Posted Wednesday, September 21, 2022 1:38 pm
by Ron Isaac
Most readers of The Chief won’t recall the talking horse “Mr. Ed,” the undisputed star of the early 1960s television sitcom named after him. The show’s introductory tune, probably composed by a behavioral psychologist, notes that unlike people, who “yakkity yak a streak and waste your time of day,” Mr. Ed will “never speak unless he has something to say.”
Mr. Ed would be the perfect adjudicator of the re-heated dispute between the approximately 300 horse-carriage drivers of the Transport Workers Union Local 100 and animal rights activists. The issue is whether the quaint rides through Central Park, which predate the Civil War, should be replaced by mechanical pedicabs and electric buggies.
The electric carriages would go no more than 3 miles per hour.
My default position is usually to side with unions on any issue. Sometimes this requires me to put on a show of passion in order to convince others and myself of my own sincerity.
Out of deference to the “big picture,” we must sometimes deflect the bounds of conscience in order to submit to the demands of loyalty, right or wrong. Principles occasionally must be abrogated or induced into a state of hibernation until the danger of their being tested has passed.
But default positions must sometimes be overruled. When it’s a matter of the abuse of animals, one must rise above the bond of solidarity.
Both the TWU and animal rights advocates claim unique insight into the psyche of horses.
I wish Mr. Ed could tell us exactly how it feels to be a horse. As a visitor to the Department of Motor Vehicles, I can relate to standing motionless for hours, but horses are forced to do so every day, for long hours and fairly extreme weather, as they pull families of corpulent human cargo who are fantasizing they are upper-class cosmopolitan Victorian-era tourists on the Grand Tour.
Alas, we can’t take over the sensibilities of a horse like a computer technician can take control over a cursor from a remote location. But we can use our imagination, common sense and scientific knowledge to empathize with what these horses are enduring.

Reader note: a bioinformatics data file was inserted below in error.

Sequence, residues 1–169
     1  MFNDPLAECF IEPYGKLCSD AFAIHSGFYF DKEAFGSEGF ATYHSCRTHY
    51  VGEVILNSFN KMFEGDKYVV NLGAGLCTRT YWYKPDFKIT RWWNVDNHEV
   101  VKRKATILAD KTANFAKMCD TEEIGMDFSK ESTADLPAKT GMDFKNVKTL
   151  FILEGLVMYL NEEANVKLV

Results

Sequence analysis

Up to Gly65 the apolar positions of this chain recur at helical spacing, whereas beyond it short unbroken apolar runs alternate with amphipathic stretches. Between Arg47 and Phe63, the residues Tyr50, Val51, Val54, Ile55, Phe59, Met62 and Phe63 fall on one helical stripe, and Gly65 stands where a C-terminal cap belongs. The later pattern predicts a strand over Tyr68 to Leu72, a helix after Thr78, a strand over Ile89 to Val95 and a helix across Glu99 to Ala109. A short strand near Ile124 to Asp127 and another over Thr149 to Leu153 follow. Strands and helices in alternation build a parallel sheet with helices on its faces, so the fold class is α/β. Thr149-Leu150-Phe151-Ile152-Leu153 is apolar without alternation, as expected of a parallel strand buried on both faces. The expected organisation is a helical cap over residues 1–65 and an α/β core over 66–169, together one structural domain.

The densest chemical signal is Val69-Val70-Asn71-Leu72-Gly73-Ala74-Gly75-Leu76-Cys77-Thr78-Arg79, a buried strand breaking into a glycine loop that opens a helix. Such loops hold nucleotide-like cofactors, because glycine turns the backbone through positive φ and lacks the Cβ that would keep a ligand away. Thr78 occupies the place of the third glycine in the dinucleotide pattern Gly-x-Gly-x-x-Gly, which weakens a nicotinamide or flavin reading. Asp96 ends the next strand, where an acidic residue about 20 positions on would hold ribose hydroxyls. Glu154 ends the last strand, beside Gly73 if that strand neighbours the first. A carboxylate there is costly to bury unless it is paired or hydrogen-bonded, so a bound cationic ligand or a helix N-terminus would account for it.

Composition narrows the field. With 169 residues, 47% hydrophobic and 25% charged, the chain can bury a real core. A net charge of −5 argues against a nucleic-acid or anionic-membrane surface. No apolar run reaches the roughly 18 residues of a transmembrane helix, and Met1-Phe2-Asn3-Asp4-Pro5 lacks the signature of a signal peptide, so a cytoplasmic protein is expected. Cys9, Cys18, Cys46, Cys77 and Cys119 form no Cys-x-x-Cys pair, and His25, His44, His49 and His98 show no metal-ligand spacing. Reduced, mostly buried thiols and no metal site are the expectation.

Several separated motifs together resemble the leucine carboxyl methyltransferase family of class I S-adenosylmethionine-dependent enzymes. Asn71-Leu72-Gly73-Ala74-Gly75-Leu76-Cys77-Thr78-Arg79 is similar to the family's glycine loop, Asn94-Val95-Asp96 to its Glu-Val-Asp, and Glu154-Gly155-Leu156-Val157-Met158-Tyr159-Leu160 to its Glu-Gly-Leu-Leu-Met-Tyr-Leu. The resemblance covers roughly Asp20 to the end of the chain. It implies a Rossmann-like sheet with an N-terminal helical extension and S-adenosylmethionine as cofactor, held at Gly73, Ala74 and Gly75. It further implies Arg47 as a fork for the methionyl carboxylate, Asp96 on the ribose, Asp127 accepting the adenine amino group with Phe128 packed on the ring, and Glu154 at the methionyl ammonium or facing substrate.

We know enough to superimpose a valid frame of reference.
Some animal rights activists are fanatical virtue-signalers who insist they can audit the consciousness of bamboo shoots. Other people who actually call themselves conservationists, slaughter animals for sport, and say they’re “harvesting” them for the sake of the planet.
For them, creatures were put on earth as props for human indulgence.
The licensed NYC carriage drivers are hard-working, honorably employed New Yorkers, despite their being vehemently opposed to the abolition of the horse-drawn carriage industry. They are not sadists, despite some individuals who have been filmed flogging horses until their collapse. They are not abusers and exploiters by nature or by trade.
But their work must be “re-invented.” Minus the horses, even though they have regular appointments for dental care and hoof trimming and allegedly luxuriate in clean stalls and have five-week vacations.
Drivers must not be thrown out of work or suffer any loss of income. They should be guaranteed steady wages above their present norm and enjoy a generous benefits package and job security protections. Other than the end of the horses’ tours of duty, all other details of the solution should be negotiated.
An end-run around the TWU, which lists dozens of labor unions that agree with them, would be futile and backfire on the city and so it should. Their position is backed by a large coalition of other labor unions.